The Semiannual Report on Banking Service Fees was presented today to the Knesset

​The Supervisor of Banks, David Zaken, today (Tuesday, January 6, 2015) presented the Semiannual Report on Households’ Banking Service Fees to the Knesset Economic Affairs Committee. The report is based on reports by the banks and credit card companies of actual revenue from fees they collected in the first half of 2014.

 
The main points of the report:
  • During the first half of 2014, the average monthly cost for a current account for households in the banking system[1], based on a standard activity profile[2], totaled approximately NIS 13.0, compared to about NIS 13.8 in 2013.
A comparison by a standard activity profile in a current account (teller-executed and customer-executed transactions) reveals wide variance among the banks:
  1.  In the banking system at large, the Bank of Jerusalem is the least expensive by a significant margin (with a monthly cost of approximately NIS 0.6). At the other extreme, Mercantile Bank (with a monthly cost of approximately NIS 19.9) and Arab-Israel Bank (with a monthly cost of approximately NIS 16.8) are the most expensive.
  2. Among the five major banks, Bank Hapoalim is the least expensive (monthly cost of approximately NIS 12.1) and First International Bank is the most expensive (monthly cost of approximately NIS 16.2).                   
  • In the first half of 2014, the average actual monthly expenditure for common current account services for households in the banking system[3] amounted to approximately NIS 12.5, compared to NIS 13.5 in 2013. The decline is the result of a reduction in the minimum fee that came into effect on April 1, 2014, from the cumulative amount of two teller-executed transactions, to the amount of one teller-executed transaction.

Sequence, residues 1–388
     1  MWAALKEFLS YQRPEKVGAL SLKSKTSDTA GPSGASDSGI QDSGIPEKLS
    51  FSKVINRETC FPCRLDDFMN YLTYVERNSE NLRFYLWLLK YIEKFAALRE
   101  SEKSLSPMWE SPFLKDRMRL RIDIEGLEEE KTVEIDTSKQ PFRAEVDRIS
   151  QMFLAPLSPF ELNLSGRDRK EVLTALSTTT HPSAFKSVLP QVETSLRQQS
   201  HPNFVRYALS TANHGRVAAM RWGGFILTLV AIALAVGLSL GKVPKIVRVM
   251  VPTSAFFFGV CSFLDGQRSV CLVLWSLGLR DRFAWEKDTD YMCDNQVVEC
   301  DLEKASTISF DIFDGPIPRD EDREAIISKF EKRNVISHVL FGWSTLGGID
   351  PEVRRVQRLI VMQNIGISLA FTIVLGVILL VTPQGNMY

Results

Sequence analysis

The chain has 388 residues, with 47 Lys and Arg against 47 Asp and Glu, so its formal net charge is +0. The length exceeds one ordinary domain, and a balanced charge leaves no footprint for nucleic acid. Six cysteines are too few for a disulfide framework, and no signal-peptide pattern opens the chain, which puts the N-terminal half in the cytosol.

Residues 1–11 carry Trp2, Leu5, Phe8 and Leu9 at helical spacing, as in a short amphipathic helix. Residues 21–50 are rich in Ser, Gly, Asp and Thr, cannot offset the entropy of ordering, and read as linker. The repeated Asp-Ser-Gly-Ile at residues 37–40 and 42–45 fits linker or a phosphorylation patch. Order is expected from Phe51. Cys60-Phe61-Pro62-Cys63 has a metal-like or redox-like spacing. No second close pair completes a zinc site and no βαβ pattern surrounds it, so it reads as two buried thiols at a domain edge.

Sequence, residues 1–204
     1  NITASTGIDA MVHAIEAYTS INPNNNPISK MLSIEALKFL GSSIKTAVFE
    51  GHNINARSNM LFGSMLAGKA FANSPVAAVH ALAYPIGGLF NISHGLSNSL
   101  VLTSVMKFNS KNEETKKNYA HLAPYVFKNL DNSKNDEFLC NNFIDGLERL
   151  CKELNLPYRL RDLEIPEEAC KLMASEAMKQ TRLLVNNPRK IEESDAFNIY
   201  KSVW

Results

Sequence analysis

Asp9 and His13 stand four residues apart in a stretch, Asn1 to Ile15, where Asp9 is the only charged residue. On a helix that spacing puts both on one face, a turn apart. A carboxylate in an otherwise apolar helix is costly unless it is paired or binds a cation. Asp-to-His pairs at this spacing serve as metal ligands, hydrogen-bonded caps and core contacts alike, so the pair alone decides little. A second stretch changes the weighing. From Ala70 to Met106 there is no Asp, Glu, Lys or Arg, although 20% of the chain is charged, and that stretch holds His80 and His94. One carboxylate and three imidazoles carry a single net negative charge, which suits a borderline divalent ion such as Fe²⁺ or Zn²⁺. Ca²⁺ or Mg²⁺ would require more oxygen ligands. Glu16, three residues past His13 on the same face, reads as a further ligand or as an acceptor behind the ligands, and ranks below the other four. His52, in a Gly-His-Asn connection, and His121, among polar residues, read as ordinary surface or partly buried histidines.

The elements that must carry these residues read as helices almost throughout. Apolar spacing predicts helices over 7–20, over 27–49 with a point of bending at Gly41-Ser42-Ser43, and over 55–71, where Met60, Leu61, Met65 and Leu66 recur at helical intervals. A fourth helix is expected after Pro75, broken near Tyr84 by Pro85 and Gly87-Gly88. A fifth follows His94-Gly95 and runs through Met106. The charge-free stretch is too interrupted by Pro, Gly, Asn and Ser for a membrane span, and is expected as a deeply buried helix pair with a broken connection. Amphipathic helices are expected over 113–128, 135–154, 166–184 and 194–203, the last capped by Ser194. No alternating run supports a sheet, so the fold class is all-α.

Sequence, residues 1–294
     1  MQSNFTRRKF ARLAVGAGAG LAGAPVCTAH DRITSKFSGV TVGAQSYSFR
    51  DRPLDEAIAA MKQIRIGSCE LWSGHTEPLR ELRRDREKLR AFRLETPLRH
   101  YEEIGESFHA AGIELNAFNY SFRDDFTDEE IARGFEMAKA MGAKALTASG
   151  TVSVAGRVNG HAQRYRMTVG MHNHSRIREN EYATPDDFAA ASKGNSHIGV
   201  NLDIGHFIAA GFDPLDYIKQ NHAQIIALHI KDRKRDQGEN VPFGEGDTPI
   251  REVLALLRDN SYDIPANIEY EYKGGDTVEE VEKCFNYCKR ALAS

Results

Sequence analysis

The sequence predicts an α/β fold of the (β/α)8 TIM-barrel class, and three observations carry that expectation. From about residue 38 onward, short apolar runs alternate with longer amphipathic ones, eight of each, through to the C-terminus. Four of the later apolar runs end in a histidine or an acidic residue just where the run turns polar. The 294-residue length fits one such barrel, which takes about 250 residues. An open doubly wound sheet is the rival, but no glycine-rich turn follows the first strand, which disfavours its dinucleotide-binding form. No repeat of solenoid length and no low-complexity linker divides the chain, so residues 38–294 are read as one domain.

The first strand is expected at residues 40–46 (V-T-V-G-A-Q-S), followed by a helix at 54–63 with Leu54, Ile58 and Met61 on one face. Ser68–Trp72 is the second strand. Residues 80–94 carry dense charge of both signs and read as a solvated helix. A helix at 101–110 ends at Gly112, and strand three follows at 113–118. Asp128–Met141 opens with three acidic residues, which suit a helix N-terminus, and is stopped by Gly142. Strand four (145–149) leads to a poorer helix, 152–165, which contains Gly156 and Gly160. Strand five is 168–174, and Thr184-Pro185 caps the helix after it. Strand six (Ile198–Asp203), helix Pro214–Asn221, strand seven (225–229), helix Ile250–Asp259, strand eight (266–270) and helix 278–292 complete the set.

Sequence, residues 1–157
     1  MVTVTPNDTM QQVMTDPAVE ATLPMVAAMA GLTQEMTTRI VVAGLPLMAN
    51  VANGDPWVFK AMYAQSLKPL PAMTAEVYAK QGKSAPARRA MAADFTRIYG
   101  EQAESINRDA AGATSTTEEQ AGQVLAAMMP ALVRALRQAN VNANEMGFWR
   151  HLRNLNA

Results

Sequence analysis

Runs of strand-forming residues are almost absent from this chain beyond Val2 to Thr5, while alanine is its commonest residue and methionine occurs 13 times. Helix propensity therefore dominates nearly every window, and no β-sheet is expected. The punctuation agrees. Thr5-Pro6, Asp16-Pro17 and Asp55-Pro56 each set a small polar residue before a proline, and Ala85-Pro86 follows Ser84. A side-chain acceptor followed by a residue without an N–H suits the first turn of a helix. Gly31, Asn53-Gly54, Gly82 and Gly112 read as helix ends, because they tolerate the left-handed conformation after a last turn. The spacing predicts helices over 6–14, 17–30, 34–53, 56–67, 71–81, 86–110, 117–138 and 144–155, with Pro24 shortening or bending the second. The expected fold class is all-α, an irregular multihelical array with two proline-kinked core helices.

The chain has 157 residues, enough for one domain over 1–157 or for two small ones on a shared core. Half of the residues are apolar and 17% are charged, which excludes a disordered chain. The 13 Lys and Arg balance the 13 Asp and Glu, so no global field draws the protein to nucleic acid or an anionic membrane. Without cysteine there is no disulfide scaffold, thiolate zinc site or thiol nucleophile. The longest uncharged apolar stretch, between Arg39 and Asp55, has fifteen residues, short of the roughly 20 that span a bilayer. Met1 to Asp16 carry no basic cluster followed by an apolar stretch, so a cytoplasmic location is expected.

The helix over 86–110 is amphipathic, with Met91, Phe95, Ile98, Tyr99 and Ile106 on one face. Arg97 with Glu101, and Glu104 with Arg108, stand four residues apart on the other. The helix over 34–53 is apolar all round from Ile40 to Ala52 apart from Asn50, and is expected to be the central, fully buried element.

[1] Excluding U-Bank.
[2] A profile of monthly activity for an active household account, based on 10 customer-executed transactions and 0.7 teller-executed transactions. It excludes completion to a minimum fee.
[3] The average actual monthly expenditure for common current account services for households is calculated as the total revenue from teller-executed transactions, customer-executed transactions, completion to a minimum fee, and granting of credit divided by the number of current accounts.
[4] Holding a credit card is calculated by revenue from domestic, international and gold credit card fees in relation to the number of cards.